A hard landing for the ABC's version of soft diplomacy
Cutting funding and abandoning the Australia Network attacks the ABC's international role via the back door, argues Rodney Tiffen at Inside Story.
The Australia Network, the ABC’s international television service, has been in the Coalition’s sights — and, not coincidentally, in the Murdoch press’ sights — since 2011. That was when the Gillard government awarded the ABC a 10-year contract to deliver international TV, bringing a definitive conclusion to a ludicrously mismanaged tender process.
So it came as no surprise when the Abbott government axed the network in the budget. The decision came despite the fact that the ABC Act requires the national broadcaster to transmit news, current affairs, entertainment and cultural programs “to countries outside Australia” in order to “encourage awareness of Australia and an international understanding of Australian attitudes on world affairs” and “enable Australian citizens living or travelling outside Australia to obtain information about Australian affairs and Australian attitudes on world affairs”.
The government hasn’t proposed changes to the act to remove this requirement; rather, it has removed the financial means for the ABC to fulfil this role in television. It would obviously have been more honest and proper to seek a change in the ABC legislation rather than attempting to bypass parliament by administrative fiat.
The budget decision is the culmination of a sorry sequence of events. In his last great gift to the Coalition as foreign minister, Kevin Rudd decided to open the tender process for the international broadcaster to commercial broadcasters. With a single exception, no other country that broadcasts internationally outsources its service to the private sector. The exception was Australia under the Howard government. In July 1996, within months of its election and without warning, the government announced the intended privatisation of Australia Television, as it was then called. The decision, made without any preparatory work by any section of the bureaucracy, came as a complete shock to ABC management.
When a decision was announced in July 1997, Kerry Stokes’ Seven Network was the successful tenderer. But three years later Seven stopped the service because it couldn’t make a profit. When foreign minister Alexander Downer called for a fresh round of tenders, the ABC was not among the applicants. To his credit, Downer approached the national broadcaster, and it was ultimately awarded the contract.
But the idea of outsourcing international broadcasting was not dead. In Rudd’s tender process, the ABC faced competition from Sky News, whose owners are the same Seven Network that bailed out in the late ’90s, and Rupert Murdoch, who in 1994 had removed the BBC’s news from his pay TV offering in China in order to please the Beijing regime.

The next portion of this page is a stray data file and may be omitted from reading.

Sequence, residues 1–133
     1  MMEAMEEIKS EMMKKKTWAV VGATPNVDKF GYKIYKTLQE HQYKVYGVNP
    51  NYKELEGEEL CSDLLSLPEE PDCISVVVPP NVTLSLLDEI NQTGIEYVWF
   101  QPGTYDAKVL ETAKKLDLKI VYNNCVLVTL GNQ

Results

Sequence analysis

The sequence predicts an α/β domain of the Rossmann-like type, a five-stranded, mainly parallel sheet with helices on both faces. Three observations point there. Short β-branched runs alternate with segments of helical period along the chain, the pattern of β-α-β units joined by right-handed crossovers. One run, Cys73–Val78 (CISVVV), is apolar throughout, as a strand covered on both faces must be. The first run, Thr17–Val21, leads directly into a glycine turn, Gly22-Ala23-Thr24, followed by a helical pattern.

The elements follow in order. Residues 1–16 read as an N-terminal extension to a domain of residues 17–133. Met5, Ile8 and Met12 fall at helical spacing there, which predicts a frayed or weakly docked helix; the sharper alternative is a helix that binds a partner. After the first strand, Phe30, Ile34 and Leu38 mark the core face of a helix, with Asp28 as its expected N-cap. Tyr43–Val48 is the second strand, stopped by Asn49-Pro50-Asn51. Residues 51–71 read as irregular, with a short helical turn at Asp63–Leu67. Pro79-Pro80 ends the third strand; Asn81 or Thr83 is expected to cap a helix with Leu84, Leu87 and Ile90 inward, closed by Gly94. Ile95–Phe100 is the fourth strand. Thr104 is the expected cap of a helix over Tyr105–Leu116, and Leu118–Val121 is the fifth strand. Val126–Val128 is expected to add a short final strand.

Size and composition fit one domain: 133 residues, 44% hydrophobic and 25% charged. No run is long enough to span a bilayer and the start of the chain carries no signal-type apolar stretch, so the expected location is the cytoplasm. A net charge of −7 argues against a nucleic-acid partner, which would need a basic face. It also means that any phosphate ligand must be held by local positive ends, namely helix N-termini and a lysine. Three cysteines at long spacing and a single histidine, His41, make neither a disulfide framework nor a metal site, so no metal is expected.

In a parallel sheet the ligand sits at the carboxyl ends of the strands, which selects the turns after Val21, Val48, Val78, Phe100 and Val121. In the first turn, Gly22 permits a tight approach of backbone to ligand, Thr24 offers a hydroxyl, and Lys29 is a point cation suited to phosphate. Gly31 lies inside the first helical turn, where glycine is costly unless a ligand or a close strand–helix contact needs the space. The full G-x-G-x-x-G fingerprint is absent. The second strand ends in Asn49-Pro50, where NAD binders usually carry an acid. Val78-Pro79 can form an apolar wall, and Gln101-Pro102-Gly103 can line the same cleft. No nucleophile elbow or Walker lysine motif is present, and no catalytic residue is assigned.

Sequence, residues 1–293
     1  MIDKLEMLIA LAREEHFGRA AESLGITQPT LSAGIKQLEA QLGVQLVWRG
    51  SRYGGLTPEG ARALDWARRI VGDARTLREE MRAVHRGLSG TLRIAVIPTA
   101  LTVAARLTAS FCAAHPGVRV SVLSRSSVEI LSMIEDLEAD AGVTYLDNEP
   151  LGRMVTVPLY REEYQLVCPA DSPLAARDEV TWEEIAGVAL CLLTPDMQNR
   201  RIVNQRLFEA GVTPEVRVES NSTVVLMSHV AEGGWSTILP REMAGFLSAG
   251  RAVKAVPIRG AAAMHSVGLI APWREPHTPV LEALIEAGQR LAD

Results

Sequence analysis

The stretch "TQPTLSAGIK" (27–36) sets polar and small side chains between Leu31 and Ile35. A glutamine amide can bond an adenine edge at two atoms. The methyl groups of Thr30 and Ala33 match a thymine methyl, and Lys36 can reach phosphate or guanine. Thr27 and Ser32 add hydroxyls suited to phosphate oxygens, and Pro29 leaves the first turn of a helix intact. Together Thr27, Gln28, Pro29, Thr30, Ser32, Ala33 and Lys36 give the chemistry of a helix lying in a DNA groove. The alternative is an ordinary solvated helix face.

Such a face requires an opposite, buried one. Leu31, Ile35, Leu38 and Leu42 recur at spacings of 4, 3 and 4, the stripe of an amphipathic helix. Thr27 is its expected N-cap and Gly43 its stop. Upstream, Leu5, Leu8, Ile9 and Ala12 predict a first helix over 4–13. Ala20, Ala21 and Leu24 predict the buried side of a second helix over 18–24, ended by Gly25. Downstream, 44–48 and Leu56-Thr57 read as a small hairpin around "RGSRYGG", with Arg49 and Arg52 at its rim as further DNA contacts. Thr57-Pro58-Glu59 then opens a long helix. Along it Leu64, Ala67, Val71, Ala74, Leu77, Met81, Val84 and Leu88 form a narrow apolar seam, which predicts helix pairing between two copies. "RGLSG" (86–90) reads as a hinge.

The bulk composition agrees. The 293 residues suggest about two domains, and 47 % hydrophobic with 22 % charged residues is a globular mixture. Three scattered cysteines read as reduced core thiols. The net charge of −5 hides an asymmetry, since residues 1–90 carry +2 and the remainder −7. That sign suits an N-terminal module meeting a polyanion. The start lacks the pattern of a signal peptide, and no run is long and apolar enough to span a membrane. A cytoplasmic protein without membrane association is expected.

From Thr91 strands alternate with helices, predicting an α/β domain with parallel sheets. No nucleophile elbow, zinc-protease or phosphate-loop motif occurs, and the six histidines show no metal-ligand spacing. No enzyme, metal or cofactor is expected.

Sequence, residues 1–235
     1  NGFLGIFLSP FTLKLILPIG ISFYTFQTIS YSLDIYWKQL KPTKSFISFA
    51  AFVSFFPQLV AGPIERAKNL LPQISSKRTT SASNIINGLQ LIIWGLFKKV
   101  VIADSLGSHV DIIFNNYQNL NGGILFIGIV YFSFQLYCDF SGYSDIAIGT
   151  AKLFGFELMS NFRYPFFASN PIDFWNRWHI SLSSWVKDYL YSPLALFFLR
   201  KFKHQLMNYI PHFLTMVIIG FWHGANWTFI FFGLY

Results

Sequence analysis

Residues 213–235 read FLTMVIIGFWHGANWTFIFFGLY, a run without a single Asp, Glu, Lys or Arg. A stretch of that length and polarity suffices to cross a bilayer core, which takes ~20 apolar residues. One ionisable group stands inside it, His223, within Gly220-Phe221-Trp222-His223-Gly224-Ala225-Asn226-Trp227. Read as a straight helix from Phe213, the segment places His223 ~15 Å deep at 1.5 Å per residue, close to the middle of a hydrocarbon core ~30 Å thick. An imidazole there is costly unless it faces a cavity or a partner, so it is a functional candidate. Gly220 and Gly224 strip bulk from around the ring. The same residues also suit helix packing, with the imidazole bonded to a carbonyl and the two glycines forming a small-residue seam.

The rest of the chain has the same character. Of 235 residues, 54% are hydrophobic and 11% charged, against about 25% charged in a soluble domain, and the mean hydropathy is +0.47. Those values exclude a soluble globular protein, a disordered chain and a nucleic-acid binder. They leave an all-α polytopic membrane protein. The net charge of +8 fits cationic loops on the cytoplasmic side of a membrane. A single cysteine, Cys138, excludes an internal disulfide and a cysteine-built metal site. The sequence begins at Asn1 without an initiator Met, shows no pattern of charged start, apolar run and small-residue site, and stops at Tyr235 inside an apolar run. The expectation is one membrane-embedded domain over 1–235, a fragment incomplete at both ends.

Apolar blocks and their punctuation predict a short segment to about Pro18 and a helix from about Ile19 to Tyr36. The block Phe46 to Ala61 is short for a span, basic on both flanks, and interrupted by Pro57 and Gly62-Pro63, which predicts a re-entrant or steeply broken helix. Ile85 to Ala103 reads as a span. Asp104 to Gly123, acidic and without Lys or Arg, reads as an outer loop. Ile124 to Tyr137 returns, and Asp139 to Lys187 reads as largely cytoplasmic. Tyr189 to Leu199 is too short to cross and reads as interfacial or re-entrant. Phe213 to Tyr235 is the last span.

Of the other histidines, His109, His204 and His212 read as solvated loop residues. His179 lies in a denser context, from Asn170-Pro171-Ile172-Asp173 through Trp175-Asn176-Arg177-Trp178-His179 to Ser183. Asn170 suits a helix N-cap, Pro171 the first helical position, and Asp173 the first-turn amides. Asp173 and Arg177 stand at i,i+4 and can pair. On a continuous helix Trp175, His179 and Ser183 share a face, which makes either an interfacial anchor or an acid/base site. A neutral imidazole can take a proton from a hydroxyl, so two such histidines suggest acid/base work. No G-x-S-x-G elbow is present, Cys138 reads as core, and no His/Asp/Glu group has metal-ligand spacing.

Rudd’s assessment team preferred the Sky tender. Cabinet asked it to reconsider, and again it opted for Sky. (Its grounds for doing so have been kept secret under commercial-in-confidence provisions.) The Gillard cabinet intervened, handing carriage of the tender to communications minister Senator Stephen Conroy; then, seeking to lock in the national broadcaster’s position, it added a provision under which only the ABC or its associated companies could provide government-funded international services. As a result, amending legislation will be needed to allow Sky or any other commercial broadcaster to participate in a new tender process.
Sky News, which has become a valuable part of the Australian news mix, had every reason to feel aggrieved by Labor’s follies, and received a payment from the government as compensation.
The grounds on which Rudd’s committee decided in favour of Sky should now be made public. We might discover, for example, that some provisions were loaded against the ABC. It may be that one condition was for the tenderer to provide extra funds from elsewhere, but if the ABC diverted funding from elsewhere in its budget it would contravene its governing legislation. Similarly, the ABC would be wary of arrangements with other broadcasters that might compromise its editorial independence. We don’t know if such considerations were a factor, and that leaves a hole at the centre of this important episode.
But the botched process was clearly a turning point in Coalition attitudes. According to Prime Minister Tony Abbott:
“We’ve had for a long time very serious issues about the Australia Network tender process. Twice the tender process gave that particular operation to someone other than the ABC, and then, because of leadership problems inside the government, the decision was changed. And the Audit Office itself has said that the whole thing was badly done.”
It isn’t clear that the Australia Network could have done anything to redeem itself in the eyes of the new government. In 2014, the ABC won the most extensive access afforded to any Western broadcaster in China, with the Australia Network to be made available to the entire Chinese population. But even such an unprecedented achievement counted for nought.
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